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Gumball/Novelty Machines

Some things never change. A tried and true idea that works will be recycled from generation to generation.

Thus is the case with the machine that dispenses small items for a price. Ancient Greek engineer and mathematician Hero of Alexandria devised a machine around 215 BC that would dispense holy water in temples for a coin. The concept was such a hit that it appeared again and again throughout human history.

And one such vending machine in particular has proven its historical mettle, so that it exists in essentially the same form today as it did in the 50's and 60's, when we saw it as children: the gumball/novelty machine.

Thus, when we take our grandchildren to the grocery store with us, we are likely to be asked for a quarter or two at the entrance, because the store manager has seen fit to plant a toy dispensing machine or two right where the little tykes can spot it as we walk in.

The strategy works. It always has, always will. Thus, each generation grows up with happy memories of feeding coins into a slot and twisting a handle to receive a prize.

We Boomers had a wide variety of machines at our disposal, which accepted amounts from a penny to a quarter.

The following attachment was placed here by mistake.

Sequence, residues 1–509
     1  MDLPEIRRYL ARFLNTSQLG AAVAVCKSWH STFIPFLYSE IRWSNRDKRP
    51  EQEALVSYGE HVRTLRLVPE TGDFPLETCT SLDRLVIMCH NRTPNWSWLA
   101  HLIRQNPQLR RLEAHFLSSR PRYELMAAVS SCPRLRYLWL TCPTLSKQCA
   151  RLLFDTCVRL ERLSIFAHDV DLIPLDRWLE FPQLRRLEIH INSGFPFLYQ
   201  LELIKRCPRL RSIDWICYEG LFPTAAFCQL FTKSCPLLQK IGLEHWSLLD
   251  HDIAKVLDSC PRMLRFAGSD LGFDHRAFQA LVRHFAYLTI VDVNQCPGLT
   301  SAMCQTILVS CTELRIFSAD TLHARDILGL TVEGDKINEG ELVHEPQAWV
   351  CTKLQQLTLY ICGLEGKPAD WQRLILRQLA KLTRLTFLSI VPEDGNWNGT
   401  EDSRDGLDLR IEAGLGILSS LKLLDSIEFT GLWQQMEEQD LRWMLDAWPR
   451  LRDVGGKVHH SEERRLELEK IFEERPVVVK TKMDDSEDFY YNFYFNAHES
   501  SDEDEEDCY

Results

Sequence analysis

The machines didn't just use the idea of getting a prize for a nickel or so to attract our business. No, they would employ slightly nefarious means to get us to part with our precious coinage.

For instance, there was the classic bait-and-switch. A quarter machine was the high end device of the 60's, so that's where you would see the most outrageous examples of luring in the customer with one item, then having them depart with another entirely.

Take the capsule vending machine at the Miami, Oklahoma Bowling Alley, for instance. Inside its glass front was a piece of cardboard festooned with examples of, presumably, the toys that were contained within the translucent capsules, each available for a quarter. In the upper left corner was attached a real derringer! At least it looked real. It was a tiny firearm, small enough to fit nicely in a six-year-old's hand. There was nothing about it that implied it was a toy, so naturally the word spread around town that you could obtain a genuine pistol for a quarter!

Of course, it wasn't a real gun. In fact, it was highly unlikely that the toy, which would have retailed for a dollar or more, was ever found in the machine. Instead, taking a chance with a hard-begged quarter, I breathlessly open a plastic capsule to find a rubber monster's face, animated by my thumb and index finger which fit into two little tubes in the back.

I remember that incident very clearly. I'm not sure why I recall that one occasion, out of hundreds of experiences with capsule machines, but I do.

Another form of temptation for kids was in putting penny gumballs into a machine that accepted nickels. A kid would willingly buy a penny piece of gum for five times the amount IF there were a few capsules inside with dime-sized items contained therein.

Presumably, truth-in-advertising laws have forced purveyors of machine-dispensed novelties to be more honest about what prizes a child might obtain with his coins. But even if they haven't, kids can get the opportunity to learn the same lessons that we did at their age:

If it looks too good to be true, it probably is.

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